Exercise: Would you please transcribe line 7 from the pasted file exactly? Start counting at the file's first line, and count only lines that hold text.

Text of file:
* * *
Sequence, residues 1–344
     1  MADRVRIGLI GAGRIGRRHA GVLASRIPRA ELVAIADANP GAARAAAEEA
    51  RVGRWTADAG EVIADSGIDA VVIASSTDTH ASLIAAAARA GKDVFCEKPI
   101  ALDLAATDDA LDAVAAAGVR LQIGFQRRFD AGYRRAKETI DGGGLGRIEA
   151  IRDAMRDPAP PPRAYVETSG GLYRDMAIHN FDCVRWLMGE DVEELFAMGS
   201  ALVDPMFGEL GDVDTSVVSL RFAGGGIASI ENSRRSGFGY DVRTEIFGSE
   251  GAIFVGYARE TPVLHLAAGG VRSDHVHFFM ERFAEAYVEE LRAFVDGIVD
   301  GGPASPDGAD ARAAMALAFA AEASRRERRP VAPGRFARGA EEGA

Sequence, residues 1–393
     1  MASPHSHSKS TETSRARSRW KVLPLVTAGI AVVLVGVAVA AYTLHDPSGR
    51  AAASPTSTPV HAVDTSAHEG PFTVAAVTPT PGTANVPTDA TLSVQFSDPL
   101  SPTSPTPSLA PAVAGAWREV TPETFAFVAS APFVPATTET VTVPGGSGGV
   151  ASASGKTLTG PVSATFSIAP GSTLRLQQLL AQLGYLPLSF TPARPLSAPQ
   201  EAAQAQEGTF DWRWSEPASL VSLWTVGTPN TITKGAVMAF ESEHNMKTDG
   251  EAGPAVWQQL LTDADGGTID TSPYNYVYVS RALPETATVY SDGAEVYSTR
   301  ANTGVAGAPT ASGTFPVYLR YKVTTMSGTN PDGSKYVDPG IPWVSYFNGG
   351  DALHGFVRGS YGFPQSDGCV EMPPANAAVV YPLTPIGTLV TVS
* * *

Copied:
   251  GAIFVGYARE TPVLHLAAGG VRSDHVHFFM ERFAEAYVEE LRAFVDGIVD